At Jump Mountain, near Lexington, Virginia, an Indian couple sprang off because there were insuperable bars to their marriage.

At the rock on the Wissahickon a girl sought death because her lover was untrue to her.

At Muscatine the cause of a maid's demise and that of her lover was the severity of her father, who forbade the match because there was no war in which the young man could prove his courage.

At Lefferts Height a girl stopped her recreant lover as he was on his way to see her rival, and urging his horse to the edge of the bluff she leaped with him into the air.

Monument Mountain, a picturesque height in the Berkshires, is faced on its western side by a tall precipice, from which a girl flung herself because the laws of her tribe forbade her marriage with a cousin to whom she had plighted troth. She was buried where her body was found, and each Indian as he passed the spot laid a stone on her grave—thus, in time, forming a monument.

"Purgatory," the chasm at Newport, Rhode Island, through which the sea booms loudly after a storm, was a scene of self-sacrifice to a hopeless love on the part of an Indian pair in a later century, though there is an older tradition of the seizure of a guilty squaw, by no less a person than the devil himself, who flung her from the cliff and dragged her soul away as it left her body. His hoof-marks were formerly visible on the rocks.

At Hot Springs, North Carolina, two conspicuous cliffs are pointed out on the right bank of the French Broad River: Paint Rock—where the aborigines used to get ochre to smear their faces, and which they decorated with hieroglyphics—and Lover's Leap. It is claimed that the latter is the first in this country known to bear this sentimental and tragically suggestive title. There are two traditions concerning it, one being that an Indian girl was discovered at its top by hostiles who drove her into the gulf below, the other relating to the wish of an Indian to marry a girl of a tribe with which his own had been immemorially at war. The match was opposed on both sides, so, instead of doing as most Indians and some white men would do nowadays—marry the girl and let reconciliation come in time,—he scaled the rock in her company and leaped with her into the stream. They awoke as man and wife in the happy hunting-ground.

In 1700 there lived in the village of Keoxa, below Frontenac, Minnesota, on the Mississippi River, a Dakota girl named Winona (the First Born), who was loved by a hunter in her tribe, and loved him in return. Her friends commended to her affections a young chief who had valiantly defended the village against an attack of hostiles, but Juliet would none of this dusky Count de Paris, adhering faithfully to her Romeo. Unable to move her by argument, her family at length drove her lover away, and used other harsh measures to force her into a repugnant union, but she replied, "You are driving me to despair. I do not love this chief, and cannot live with him. You are my father, my brothers, my relatives, yet you drive from me the only man with whom I wish to be united. Alone he ranges through the forest, with no one to build his lodge, none to spread his blanket, none to wait on him. Soon you will have neither daughter, sister, nor relative to torment with false professions." Blazing with anger at this unsubmissive speech, her father declared that she should marry the chief on that very day, but while the festival was in preparation she stole to the top of the crag that has since been known as Maiden's Rock, and there, four hundred feet above the heads of the people, upbraided those who had formerly professed regard for her. Then she began her death-song. Some of the men tried to scale the cliff and avert the tragedy that it was evident would shortly be enacted, and her father, his displeasure forgotten in an agony of apprehension, called to her that he would no longer oppose her choice. She gave no heed to their appeals, but, when the song was finished, walked to the edge of the rock, leaped out, and rolled lifeless at the feet of her people.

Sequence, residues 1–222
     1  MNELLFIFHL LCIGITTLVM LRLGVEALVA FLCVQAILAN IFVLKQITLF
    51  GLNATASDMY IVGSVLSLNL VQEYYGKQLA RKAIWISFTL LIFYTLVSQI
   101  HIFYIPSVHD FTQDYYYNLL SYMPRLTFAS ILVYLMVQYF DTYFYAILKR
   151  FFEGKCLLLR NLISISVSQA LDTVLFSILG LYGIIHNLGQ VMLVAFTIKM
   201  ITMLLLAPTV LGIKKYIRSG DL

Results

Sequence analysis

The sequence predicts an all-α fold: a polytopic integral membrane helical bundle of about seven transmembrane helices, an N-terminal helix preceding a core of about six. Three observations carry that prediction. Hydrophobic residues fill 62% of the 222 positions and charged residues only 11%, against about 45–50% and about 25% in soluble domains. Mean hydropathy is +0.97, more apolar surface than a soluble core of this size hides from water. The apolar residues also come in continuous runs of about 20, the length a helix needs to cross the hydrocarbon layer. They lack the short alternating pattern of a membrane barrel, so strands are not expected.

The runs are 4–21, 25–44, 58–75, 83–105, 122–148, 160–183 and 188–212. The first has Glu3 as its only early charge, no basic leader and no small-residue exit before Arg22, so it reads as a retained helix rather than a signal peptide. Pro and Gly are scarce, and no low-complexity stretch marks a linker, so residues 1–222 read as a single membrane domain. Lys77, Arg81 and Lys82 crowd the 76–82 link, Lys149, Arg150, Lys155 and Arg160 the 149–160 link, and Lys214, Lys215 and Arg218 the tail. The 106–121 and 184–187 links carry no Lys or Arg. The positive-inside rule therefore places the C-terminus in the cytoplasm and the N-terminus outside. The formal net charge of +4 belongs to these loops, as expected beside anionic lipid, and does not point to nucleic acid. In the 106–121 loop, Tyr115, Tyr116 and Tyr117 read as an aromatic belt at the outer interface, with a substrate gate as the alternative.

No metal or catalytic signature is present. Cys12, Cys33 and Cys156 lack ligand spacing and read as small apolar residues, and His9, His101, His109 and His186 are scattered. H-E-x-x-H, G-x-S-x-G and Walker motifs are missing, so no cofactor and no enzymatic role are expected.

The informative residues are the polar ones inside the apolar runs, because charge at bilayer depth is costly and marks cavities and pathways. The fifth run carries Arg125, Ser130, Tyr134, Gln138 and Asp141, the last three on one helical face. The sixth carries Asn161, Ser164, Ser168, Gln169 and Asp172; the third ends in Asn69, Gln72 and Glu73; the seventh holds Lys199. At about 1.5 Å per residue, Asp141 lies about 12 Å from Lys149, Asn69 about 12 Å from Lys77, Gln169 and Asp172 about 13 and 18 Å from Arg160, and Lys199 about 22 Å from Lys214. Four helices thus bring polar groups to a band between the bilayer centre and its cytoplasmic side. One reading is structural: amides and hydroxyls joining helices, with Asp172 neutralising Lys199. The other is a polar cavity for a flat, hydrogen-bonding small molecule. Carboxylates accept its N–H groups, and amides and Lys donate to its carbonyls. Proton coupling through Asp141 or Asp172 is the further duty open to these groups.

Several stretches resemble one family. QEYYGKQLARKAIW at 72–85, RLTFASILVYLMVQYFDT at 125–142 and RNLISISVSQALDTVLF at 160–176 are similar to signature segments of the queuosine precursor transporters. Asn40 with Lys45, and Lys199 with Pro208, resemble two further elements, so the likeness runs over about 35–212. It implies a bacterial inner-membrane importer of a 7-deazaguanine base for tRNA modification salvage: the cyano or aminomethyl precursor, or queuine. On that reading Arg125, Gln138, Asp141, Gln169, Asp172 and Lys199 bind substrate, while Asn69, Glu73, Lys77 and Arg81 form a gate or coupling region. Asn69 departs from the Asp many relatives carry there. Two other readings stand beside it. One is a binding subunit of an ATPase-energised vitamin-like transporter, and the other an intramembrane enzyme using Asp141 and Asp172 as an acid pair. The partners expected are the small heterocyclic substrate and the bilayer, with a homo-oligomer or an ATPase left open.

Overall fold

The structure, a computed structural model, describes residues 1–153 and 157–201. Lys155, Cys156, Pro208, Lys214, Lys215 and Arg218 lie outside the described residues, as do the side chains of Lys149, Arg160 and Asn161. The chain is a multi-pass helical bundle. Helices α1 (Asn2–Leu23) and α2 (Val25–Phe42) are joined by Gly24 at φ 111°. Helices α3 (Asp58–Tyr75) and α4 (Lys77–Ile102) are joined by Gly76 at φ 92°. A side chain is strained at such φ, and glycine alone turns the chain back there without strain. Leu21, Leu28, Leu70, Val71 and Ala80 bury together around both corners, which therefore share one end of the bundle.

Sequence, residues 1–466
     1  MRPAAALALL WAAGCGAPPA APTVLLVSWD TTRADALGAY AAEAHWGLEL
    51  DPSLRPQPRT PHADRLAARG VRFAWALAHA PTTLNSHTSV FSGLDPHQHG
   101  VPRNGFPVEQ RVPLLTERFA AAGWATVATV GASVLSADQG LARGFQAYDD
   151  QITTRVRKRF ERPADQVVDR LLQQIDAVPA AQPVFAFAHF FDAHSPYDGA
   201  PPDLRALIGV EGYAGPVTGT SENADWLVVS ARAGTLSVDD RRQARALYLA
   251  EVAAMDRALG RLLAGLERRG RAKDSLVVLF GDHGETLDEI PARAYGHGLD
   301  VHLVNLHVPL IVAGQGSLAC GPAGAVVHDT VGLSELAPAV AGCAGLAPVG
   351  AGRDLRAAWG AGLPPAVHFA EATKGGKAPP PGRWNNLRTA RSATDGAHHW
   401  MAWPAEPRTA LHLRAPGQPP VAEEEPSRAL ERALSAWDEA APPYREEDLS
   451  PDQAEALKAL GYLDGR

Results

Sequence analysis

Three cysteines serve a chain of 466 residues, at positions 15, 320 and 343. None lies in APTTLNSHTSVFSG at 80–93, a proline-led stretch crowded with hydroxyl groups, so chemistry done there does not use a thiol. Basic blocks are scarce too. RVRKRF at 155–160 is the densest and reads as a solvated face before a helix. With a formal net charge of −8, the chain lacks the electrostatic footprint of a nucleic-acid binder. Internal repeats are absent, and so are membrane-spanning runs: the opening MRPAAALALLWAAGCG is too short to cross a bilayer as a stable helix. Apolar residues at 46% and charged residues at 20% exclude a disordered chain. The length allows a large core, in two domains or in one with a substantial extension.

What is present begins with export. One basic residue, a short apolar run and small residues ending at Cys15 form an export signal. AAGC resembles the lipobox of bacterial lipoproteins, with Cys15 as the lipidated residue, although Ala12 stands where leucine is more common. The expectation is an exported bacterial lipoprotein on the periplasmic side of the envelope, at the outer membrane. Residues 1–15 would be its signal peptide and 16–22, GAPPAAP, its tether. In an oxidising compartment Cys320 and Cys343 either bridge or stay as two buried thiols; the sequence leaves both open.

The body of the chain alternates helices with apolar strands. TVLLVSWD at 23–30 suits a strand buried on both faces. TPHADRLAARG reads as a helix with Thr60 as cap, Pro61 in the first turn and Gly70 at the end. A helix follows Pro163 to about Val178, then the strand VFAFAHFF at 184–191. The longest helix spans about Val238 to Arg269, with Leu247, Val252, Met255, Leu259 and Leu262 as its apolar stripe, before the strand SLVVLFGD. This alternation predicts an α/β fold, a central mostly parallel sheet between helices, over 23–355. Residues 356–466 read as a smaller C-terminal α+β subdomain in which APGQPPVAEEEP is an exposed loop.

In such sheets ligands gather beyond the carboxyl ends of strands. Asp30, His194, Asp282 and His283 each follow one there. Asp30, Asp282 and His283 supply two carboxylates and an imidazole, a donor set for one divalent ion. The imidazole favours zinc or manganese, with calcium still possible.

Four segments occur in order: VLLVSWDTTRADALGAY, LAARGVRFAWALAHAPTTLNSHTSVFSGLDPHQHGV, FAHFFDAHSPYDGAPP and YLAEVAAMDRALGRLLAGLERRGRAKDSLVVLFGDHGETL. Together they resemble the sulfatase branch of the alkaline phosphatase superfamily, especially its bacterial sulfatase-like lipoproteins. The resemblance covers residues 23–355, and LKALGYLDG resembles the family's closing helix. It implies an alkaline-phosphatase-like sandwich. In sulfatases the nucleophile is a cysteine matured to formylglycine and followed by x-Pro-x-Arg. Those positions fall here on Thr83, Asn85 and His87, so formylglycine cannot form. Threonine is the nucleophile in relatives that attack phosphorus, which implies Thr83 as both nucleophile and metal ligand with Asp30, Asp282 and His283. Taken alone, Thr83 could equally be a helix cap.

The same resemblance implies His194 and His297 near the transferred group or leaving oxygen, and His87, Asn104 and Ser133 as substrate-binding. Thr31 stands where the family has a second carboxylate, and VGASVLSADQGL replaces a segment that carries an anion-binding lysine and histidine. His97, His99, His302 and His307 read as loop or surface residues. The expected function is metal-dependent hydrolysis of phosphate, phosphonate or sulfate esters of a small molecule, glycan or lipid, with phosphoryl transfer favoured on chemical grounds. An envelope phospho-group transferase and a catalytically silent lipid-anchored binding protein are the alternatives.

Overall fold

When we say that the real name of Lover's Leap in Mackinac is Mechenemockenungoqua, we trust that it will not be repeated. It has its legend, however, as well as its name, for an Ojibway girl stood on this spire of rock, watching for her lover after a battle had been fought and her people were returning. Eagerly she scanned the faces of the braves as their war-canoes swept by, but the face she looked for was not among them. Her lover was at that moment tied to a tree, with an arrow in his heart. As she looked at the boats a vision of his fate revealed itself, and the dead man, floating toward her, beckoned. Her death-song sounded in the ears of the men, but before they could reach her she had gone swiftly to the verge, her hands extended, her eyes on vacancy, and her spirit had met her lover's.